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Pros & Cons of Factory Farming

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Factory farming usually involves raising livestock in a small, confined area on a large scale for the purpose of supplying food for human consumption. Thus, hens, for instance, are crammed into cages that are housed in large sheds where there is very little light, so that they can keep laying eggs. This obviously makes it cheaper for farmers, since they don’t have to spend as much time looking after the welfare of their livestock, but there are certainly ethical questions. It could be argued that factory farming is extremely cruel for the animals involved and that there are better ways for food to be produced.

Animal cruelty and substandard production techniques

Indeed, some would argue that the food produced as a result of factory farming is substandard. There are individuals who argue that organic food tastes and looks better, as well as being more nutritious. For many people, choosing to buy organic food comes out of distaste for the way animals are treated in factory farms. Animals are not treated as living beings, and their pain and suffering is given little consideration.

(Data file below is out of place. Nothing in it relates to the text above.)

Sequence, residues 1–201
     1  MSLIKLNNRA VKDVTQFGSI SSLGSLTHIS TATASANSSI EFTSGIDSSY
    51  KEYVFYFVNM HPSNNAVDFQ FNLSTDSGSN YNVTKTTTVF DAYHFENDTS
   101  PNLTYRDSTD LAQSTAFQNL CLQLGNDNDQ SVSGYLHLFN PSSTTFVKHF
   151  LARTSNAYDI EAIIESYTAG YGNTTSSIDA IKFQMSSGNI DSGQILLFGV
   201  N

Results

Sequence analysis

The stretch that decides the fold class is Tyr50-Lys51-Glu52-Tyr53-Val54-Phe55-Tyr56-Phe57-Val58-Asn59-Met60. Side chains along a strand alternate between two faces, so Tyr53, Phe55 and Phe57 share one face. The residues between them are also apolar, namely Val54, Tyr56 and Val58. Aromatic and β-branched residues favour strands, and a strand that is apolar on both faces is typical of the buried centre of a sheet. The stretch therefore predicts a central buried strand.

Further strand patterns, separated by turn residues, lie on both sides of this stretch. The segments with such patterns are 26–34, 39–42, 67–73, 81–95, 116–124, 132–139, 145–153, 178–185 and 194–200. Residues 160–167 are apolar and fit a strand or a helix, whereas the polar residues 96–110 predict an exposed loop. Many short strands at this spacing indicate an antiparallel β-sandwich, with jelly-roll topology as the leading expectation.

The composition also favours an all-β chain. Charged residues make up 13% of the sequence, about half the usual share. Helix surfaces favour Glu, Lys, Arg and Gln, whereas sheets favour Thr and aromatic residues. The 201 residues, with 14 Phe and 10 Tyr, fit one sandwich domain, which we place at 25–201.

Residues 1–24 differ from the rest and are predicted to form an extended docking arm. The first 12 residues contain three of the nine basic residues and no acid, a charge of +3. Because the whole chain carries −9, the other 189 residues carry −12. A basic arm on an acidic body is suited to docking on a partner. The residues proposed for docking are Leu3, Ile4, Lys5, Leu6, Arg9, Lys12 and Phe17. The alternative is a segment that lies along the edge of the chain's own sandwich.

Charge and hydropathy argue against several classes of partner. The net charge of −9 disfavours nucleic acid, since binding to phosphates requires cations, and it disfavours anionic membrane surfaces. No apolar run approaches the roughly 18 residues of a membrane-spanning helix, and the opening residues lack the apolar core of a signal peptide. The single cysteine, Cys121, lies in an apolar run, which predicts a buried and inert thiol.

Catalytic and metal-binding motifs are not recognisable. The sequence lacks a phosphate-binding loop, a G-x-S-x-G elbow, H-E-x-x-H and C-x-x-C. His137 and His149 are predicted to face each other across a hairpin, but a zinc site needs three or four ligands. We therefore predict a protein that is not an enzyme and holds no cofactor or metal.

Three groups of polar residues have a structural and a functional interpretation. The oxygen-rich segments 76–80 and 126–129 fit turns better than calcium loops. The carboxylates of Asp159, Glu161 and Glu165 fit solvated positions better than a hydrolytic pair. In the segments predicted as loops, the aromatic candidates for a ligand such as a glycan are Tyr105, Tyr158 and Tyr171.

But its cheap

Yet, there are also individuals who appreciate the benefit of being able to pay less for their milk, eggs and meat, as a result of the large-scale production involved in factory farming.

Cheap, but at what cost to your health?

The food may be cheaper, but the chances are it is also of lower quality. The animals are not fed on a particularly healthy diet and often what they do eat is full of hormones and antibiotics, which have already had an impact on humans. The growing incidence of antibiotic-resistant diseases has certainly not been helped by the habit of pumping livestock full of drugs. The trouble is that factory farming is conducted in such insanitary conditions that the animals are likely to become sick and infect other animals, which is why antibiotics have been used despite the risks.

Health risk are great

Thus, it could be argued that although factory farming may lead to the production of cheaper meat and produce, this could actually be bad for society when the health consequences can be fatal. You don’t really know what you’re getting when you bite into a burger that has come from a factory farmed cow, which is rather disconcerting. You certainly don’t want to think about all the hormones and chemicals that were pumped into the cow before it was slaughtered. However, your food has to come from somewhere and organic farming has not yet taken off in a big enough way to provide for society’s consumption requirements.

Big bucks in factory farming

Thus, despite the many negative aspects of factory farming it is unlikely that it will ever come to an end when there is so much profit to be made and animals are merely perceived as a means to an end, rather than as living creatures that are able to feel pain and can experience suffering.